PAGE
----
I picked up this book for a buck at a second hand bookstore. It was stamped “discarded,” by the Brown County Library in Nashville, Ind. I don’t know what the folks in Brown County are thinking about because this is a really good book.
Riding the Rails is the story of American teenagers during the Depression, some 250,000 of them. With no prospect of work, no perceived reason to stay in school and a desperately shrinking home environment, they hit the road. Or, to be more precise, the railroad. They jumped on, stowed away in and rode atop freight trains, travelling the country looking for fruit to pick, lumber to chop and grain to harvest. And maybe for a little adventure along the way.
This is first-hand history. WGBH/PBS produced a documentary called “Riding the Rails” in 1998 as part of the “American Experience” series. In researching that film, the producers solicited letters from survivors of the experience. They heard from about 3,000 of them. It was the content of those letters that was used to produce both the Peabody Award winning film and the book. So, oddly, this is a book that was based on a TV show. It was published by TV Books, a publisher whose goal was to do just that. They’ve since folded.
Those who survived a hobo adolescence in the 30’s remember it as a moving, life-changing experience. But at the time not a happy one. Hopping on and off trains is dangerous. Some lost their lives and some lost their limbs. Boxcar boys and girls were hungry, tired, broke and scared. Mostly they were hungry. As one of them noted: “One of the sad things about kids on the road was that they didn’t know how to play. Life was earnest, life was hard.”
Here are a few of the people I was introduced to in Riding the Rails.
- Arvel Pearson lived behind a railroad station in an Ozark village. By the age of nine he was working in a strip mine. When the Depression hit, the mines closed. Arvel was on the road at age 15 and stayed there from 1930 to 1942 picking up a few days work here and there as a migrant farm worker in the summer and a coal miner in the winter. In 1939 the National Hobo Convention named him “King of the Hoboes.”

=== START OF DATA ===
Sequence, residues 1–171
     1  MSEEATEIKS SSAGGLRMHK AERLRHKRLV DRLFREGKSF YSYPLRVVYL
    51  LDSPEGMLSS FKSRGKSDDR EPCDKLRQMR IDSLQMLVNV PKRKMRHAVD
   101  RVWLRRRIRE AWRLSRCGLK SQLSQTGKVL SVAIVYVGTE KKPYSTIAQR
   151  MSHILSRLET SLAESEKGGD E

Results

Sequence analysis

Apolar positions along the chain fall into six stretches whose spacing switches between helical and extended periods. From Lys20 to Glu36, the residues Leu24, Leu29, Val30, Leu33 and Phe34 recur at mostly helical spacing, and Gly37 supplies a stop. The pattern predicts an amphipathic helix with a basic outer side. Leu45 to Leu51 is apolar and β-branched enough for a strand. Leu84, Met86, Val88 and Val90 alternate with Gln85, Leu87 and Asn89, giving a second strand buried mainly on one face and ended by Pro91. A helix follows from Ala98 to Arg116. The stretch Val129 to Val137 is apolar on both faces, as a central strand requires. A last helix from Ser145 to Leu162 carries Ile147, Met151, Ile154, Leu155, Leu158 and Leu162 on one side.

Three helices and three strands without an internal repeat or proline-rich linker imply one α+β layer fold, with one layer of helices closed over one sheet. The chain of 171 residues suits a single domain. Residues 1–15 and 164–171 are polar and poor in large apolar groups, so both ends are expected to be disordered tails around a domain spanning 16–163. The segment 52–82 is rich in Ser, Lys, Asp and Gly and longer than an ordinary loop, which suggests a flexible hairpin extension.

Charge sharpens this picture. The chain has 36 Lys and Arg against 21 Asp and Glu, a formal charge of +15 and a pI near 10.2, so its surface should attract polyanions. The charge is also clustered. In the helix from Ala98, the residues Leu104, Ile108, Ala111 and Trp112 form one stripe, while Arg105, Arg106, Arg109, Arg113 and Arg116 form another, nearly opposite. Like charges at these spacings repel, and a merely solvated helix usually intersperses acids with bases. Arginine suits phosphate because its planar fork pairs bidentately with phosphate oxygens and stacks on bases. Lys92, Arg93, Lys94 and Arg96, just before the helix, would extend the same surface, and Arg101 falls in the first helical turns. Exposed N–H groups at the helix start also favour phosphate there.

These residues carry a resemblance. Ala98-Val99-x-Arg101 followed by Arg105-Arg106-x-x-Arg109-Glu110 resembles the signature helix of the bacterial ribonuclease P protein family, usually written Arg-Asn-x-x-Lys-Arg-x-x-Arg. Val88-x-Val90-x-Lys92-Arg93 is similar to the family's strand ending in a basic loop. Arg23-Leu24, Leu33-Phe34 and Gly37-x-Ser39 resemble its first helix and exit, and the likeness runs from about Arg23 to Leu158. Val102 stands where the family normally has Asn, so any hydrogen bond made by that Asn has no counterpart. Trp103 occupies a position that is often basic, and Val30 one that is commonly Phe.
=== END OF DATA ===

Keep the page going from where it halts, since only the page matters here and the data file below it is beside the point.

- Clarence Lee was one of six children in a Baton Rouge, La., family that was forced through hard times to go into sharecropping. Clarence was sent out by his father who told him he could no longer support him. As a black teenager he had to confront racism as well as hunger, cold and danger. By working on a dairy farm for 10 cents an hour he was eventually able to buy his parents out of sharecropping. The film shows Clarence in his eighties still working as a groundskeeper at a school in California.
- Unlike most of the kids who rode the rails, John Fawcett left a comfortable home in West Virginia looking for adventure. “I didn’t see suffering until I ran away from home. It would be a cold and unfeeling person who wouldn’t be stunned and angered at the squalor of the streets and migrant camps.” He devoted much of the rest of his life to fighting for human rights. A member of the ACLU, he was active in the antiwar, women’s rights and gay rights movements.
The movie includes interviews with many of these survivors. It also has 1930’s newsreel footage with some of the adolescent transients. The black and white images of the railroads, the Chicago Worlds Fair and a “hobo jungle” are accompanied by a score of blues and folk music of the era, including Woody Guthrie and Brownie McGhee. There’s also some original songs by “Guitar Whitey” who himself was riding the rails in the 30’s.
The book has a lot more detail than you can get into a one hour+ documentary. My only issue with the book is that it is imperfectly edited, with a couple instances of a missing word or broken off sentence. But it is so interesting. Reading it made me wonder why when history is taught in our schools they don’t teach high school kids the history of people their age. Surely it would be more compelling and more meaningful for them.
Riding the Rails is now more than 15 years old. You’re not going to find it on the front tables at the Barnes & Noble. The publisher is out of business but there are still quite a few copies available on Amazon both new and used. Or maybe your librarians had a little more appreciation for this story than the ones in Brown County, Indiana. The documentary is available on YouTube and through PBS.